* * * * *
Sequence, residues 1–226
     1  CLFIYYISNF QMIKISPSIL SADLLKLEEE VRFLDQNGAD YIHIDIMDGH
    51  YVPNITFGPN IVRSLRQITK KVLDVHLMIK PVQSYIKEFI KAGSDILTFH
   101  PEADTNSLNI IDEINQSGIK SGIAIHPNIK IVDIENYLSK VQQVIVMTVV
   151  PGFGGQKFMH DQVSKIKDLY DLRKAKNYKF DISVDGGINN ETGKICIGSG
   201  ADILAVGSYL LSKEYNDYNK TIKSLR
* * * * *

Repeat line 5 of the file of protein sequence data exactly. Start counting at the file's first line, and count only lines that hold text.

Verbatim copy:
   151  PGFGGQKFMH DQVSKIKDLY DLRKAKNYKF DISVDGGINN ETGKICIGSG